A caricatured staple on TV police procedurals, the Miranda warning has been gradually stripped of its original intentions of protecting naïve suspects and turned into yet another tool of law enforcement.
A ruling by the 9th Circuit Court of Appeals last week went against that dominant trend. The government has a "heavy burden" to show that a suspect made a clear and unambiguous waiver of his Miranda rights prior to police questioning, the court held in United States v. Jose Rodriguez.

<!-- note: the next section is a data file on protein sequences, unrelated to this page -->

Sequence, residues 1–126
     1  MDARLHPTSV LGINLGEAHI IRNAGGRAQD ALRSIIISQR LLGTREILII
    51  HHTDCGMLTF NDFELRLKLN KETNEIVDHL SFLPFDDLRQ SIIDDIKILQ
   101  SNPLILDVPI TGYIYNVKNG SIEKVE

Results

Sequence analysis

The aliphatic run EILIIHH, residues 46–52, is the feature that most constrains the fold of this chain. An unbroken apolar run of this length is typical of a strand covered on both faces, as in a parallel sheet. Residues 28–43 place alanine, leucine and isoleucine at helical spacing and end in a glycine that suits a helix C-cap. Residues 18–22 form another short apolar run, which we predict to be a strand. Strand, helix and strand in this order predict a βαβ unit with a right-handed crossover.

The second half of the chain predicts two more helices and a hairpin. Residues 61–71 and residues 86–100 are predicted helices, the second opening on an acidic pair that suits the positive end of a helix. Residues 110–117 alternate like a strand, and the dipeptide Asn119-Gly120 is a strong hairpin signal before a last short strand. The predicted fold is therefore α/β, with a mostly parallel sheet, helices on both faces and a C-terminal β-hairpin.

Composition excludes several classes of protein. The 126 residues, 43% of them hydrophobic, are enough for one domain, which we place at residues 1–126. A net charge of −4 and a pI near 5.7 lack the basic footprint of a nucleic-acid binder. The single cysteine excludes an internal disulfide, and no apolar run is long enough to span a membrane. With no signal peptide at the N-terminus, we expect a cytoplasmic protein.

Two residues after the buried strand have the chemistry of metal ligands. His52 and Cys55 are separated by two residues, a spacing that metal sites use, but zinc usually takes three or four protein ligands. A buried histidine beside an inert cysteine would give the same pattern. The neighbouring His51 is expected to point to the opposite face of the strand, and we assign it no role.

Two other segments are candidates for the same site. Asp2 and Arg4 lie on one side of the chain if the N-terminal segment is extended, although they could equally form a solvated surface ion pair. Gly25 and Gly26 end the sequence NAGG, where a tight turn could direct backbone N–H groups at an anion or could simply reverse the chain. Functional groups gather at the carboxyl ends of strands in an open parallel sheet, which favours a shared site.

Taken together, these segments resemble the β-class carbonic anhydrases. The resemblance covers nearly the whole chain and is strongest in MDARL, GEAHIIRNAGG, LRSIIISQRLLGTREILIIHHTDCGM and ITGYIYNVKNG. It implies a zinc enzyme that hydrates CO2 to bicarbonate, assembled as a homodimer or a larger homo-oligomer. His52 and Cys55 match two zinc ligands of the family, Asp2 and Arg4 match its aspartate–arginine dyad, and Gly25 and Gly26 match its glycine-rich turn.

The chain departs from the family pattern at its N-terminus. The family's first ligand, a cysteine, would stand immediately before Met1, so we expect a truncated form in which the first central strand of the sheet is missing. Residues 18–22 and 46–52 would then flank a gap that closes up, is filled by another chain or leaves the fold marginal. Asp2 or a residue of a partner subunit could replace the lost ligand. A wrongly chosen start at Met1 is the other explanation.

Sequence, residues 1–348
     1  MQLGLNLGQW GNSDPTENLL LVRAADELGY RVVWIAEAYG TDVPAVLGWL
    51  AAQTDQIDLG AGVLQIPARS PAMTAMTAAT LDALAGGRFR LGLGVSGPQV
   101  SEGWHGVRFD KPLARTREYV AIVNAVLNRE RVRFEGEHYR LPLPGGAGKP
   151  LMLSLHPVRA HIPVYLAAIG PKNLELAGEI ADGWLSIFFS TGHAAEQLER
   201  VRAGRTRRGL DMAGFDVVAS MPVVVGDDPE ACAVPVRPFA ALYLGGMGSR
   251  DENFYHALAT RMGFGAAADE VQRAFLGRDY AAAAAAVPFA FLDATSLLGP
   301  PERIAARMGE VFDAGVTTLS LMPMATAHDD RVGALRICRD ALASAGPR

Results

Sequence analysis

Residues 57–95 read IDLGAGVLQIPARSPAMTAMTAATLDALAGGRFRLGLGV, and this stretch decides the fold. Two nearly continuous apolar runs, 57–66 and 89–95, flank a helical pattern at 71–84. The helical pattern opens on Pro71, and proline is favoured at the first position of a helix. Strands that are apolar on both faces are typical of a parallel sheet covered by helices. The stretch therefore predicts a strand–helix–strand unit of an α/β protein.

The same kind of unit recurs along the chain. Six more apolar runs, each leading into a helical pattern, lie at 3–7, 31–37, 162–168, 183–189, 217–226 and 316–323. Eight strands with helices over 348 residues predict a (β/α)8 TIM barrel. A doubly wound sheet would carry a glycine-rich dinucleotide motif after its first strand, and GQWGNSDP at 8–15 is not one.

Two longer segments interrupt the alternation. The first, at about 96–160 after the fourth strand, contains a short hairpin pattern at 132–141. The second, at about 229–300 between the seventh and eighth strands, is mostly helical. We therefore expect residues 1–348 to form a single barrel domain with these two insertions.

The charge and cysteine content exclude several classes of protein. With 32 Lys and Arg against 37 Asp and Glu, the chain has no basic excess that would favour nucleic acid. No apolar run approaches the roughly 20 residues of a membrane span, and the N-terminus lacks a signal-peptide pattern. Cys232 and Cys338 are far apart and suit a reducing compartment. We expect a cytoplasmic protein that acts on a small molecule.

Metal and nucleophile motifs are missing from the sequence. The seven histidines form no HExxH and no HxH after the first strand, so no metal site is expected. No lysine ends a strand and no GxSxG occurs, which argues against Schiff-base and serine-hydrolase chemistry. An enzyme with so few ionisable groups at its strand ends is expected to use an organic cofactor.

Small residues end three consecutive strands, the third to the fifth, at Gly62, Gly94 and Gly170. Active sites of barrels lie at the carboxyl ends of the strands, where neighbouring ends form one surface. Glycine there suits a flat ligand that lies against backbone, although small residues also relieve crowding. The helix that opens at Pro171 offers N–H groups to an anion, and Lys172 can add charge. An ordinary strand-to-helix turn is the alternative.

"I'm good for tonight" is too ambiguous of a statement to count as a waiver.
The importance of this case is discussed in detail by Steven Kalar at the 9th Circuit Blog. For more in-depth discussions of Miranda in contemporary police practice, see Richard Leo's Police Interrogation and American Justice and Charles Weisselberg's Mourning Miranda.